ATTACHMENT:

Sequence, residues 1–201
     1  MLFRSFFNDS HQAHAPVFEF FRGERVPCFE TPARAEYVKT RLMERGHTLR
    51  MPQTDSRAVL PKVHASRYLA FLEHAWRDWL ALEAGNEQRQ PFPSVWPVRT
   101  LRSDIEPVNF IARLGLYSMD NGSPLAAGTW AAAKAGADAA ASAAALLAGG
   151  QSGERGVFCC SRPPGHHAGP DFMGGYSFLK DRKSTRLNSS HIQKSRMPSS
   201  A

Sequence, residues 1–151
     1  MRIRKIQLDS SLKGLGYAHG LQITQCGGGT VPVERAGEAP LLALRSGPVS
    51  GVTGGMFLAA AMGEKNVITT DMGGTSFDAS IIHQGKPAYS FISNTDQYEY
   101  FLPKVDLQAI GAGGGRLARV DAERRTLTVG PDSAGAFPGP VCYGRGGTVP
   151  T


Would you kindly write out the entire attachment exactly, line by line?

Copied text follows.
Sequence, residues 1–201
     1  MLFRSFFNDS HQAHAPVFEF FRGERVPCFE TPARAEYVKT RLMERGHTLR
    51  MPQTDSRAVL PKVHASRYLA FLEHAWRDWL ALEAGNEQRQ PFPSVWPVRT
   101  LRSDIEPVNF IARLGLYSMD NGSPLAAGTW AAAKAGADAA ASAAALLAGG
   151  QSGERGVFCC SRPPGHHAGP DFMGGYSFLK DRKSTRLNSS HIQKSRMPSS
   201  A

Sequence, residues 1–151
     1  MRIRKIQLDS SLKGLGYAHG LQITQCGGGT VPVERAGEAP LLALRSGPVS
    51  GVTGGMFLAA AMGEKNVITT DMGGTSFDAS IIHQGKPAYS FISNTDQYEY
   101  FLPKVDLQAI GAGGGRLARV DAERRTLTVG PDSAGAFPGP VCYGRGGTVP
   151  T